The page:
That’s the tagline for the Indian ad campaign around the world. And it’s pretty true.
[in-kred–uh-buhl] – adjective 1. so extraordinary as to seem impossible
Now, here’s the thing. Incredible is one of those words that is generally used in a positive way. Just like the word Awesome, which we explored with The Awesome Show.
India has many things that are in fact incredible, as we discovered during our mere 11 days there in transit.
Incredible buildings :
Incredible garbage :
Incredible beaches :
Incredible beer :
First of all, you can forget about the reinheitsgebot. The ingredients in nearly all of the major brands are water, millet/corn/wheat/barley/rice, cornsyrup(!), hops. So essentially, they just take whatever grains are cheap and available, and sweeten it in the cheapest manner, and voila. Some of the worst tasting beer ever. Must be drunk exceptionally cold, so as to hide the taste – although at least the price is something to smile at, coming in at around 85p a pint in a restaurant! Granted – Czech Republic will do the same, with much better product…Of course, when these Indian brands are found overseas, they up the quality, don’t they? I know UK Kingfisher is a totally different animal at least.
Next – we have to talk about Kingfisher. This is singl-ehandedly the most prevalent beer around the country. And turns out there’s a reason for that.
After arriving in New Dehli and and checking out the Taj Mahal (and getting ripped off by scammy “Tourist Board” people), we got on our express overnight train at Nizamuddin in New Delhi. We chose 2AC as our class, to avoid the mosquitoes for the 17 hour journey. This class in set up in sort of square berths with 3 sets of 2 bunk beds, with a window on the fourth side. We loved the train – especially the two meals and multiple tea breaks that were provided inclusive of the cost! We were there with two other couples, one of whom had a little boy, whose father turned out to be one of the owners of a brewery! Based in Bangalore, Captain Ravinder Singh and his family were lovely, and we spoke at length about his place, Barleyz, and about how we could potentially do a touring circuit out of there next year.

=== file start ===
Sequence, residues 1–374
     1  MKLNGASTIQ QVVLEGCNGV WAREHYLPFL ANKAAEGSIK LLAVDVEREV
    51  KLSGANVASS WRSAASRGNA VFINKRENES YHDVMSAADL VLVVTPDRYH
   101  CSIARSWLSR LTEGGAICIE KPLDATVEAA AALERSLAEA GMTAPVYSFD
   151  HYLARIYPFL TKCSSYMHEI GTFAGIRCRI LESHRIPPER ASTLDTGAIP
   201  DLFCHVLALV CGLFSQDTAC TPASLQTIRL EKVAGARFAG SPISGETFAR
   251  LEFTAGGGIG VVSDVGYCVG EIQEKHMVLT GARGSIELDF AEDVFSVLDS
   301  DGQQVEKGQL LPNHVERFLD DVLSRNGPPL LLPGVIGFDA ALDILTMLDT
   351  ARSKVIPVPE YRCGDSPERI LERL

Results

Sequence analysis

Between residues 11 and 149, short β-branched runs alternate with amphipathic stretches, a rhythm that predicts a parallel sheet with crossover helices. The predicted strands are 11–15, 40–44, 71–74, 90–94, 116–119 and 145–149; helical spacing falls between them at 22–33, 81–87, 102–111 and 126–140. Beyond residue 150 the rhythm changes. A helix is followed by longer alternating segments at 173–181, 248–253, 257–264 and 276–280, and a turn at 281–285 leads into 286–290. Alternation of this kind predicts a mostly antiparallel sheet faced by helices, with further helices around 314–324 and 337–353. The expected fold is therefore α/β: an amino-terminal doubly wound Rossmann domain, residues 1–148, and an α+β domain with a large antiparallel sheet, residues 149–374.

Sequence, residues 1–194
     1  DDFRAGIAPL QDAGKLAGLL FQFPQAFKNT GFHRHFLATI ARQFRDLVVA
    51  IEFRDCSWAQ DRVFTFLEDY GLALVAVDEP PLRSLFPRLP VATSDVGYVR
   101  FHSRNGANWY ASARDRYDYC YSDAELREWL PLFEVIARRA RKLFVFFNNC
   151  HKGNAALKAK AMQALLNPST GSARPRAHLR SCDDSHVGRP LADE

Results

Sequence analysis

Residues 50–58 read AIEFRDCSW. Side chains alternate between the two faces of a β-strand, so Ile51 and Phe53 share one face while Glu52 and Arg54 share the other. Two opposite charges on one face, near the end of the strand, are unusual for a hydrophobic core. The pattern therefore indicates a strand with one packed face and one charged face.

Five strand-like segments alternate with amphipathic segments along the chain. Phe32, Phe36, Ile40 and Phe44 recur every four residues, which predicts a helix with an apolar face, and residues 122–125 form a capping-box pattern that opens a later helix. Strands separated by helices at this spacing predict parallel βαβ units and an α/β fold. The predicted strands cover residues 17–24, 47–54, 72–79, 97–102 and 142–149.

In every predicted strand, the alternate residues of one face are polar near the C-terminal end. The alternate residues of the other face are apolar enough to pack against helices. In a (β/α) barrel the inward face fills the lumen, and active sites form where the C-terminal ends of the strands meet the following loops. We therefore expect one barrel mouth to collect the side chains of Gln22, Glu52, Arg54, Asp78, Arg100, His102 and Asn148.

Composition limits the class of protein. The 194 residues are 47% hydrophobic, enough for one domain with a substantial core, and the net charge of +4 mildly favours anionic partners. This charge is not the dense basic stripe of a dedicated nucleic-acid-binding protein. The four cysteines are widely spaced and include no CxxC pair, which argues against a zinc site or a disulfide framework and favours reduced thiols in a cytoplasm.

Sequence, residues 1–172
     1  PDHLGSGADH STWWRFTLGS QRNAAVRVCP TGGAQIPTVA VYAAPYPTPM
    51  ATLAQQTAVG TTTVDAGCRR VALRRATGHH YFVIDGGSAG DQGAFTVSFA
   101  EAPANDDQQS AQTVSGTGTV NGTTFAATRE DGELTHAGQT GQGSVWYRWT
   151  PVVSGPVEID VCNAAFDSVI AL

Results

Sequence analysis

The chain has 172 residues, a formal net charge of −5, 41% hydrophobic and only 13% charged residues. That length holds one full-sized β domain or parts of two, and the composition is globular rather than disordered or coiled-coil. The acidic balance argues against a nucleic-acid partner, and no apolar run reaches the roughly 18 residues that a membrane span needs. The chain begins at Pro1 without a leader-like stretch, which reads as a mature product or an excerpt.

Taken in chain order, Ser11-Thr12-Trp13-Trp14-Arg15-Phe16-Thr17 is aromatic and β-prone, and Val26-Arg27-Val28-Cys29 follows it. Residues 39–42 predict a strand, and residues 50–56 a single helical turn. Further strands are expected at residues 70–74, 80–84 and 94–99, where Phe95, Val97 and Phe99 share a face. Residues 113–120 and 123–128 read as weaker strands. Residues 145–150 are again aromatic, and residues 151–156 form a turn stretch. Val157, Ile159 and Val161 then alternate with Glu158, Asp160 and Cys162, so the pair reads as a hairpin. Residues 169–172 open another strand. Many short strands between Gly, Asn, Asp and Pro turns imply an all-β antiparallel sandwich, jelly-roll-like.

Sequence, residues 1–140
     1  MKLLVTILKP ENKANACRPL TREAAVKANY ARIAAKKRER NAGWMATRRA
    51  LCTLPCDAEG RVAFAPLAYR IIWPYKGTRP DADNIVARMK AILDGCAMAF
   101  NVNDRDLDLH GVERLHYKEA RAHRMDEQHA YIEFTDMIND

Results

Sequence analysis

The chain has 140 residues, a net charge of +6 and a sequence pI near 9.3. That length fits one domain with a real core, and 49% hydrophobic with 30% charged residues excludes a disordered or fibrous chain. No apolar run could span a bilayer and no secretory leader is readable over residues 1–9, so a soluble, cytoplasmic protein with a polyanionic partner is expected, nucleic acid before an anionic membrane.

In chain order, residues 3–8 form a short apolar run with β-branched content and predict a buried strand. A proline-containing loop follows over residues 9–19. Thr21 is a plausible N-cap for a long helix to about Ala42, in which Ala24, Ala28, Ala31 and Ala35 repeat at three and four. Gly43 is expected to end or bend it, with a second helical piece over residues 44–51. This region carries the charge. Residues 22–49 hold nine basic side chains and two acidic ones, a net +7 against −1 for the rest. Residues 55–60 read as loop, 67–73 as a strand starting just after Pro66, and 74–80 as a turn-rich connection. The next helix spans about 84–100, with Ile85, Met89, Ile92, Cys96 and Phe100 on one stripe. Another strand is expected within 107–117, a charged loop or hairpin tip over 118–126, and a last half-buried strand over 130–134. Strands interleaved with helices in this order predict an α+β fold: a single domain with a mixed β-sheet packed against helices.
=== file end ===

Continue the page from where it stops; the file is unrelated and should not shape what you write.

He told us the story of Kingfisher; of how the owner, Vijay Mallya, is a big time politician in India, who used his political clout to make his brand the most successful in India. But times are changing, and even in India there is a craft beer movement now! Ravinder told us of how things are exploding, and how over the next year there would be more than twenty new microbreweries across the country. This all made for a lovely journey, with shop talk aplenty.
Then – a week later – we arrived in Fort Kochi, Kerala. With an 8 hour overnight coach to Goa (never do this – the roads are horrifically bumpy and you will never sleep, as posh as the coach can be), and another overnight train from Goa to Kerala, this time in 3AC, which, despite more people, was equally pleasant (although no free food…), Kerala is way far away from Mumbai. One night we find ourselves in this dank dark super hot upstairs bar having some Kingfishers (of course). Down in Kerala alcohol is fairly looked down upon, so finding a drink has to be either pretty grim, or pretty sneaky. So we are in this bar, and I go to the toilet. There’s a que, and the fellow in front of me is speaking in an American accent. Spotting a potential comrade, I ask where he’s from, as you do. He says California, and asks me what I’m doing there – and of course I mention our beer show. He gets super excited and invites us over to his table, where there is ANOTHER brewer from Bangalore sitting!
So while the beer can be miserable, it looks like the craft beer thing is really starting to take off in India, which is really amazing. We hope to go back next year as it was, pretty incredible.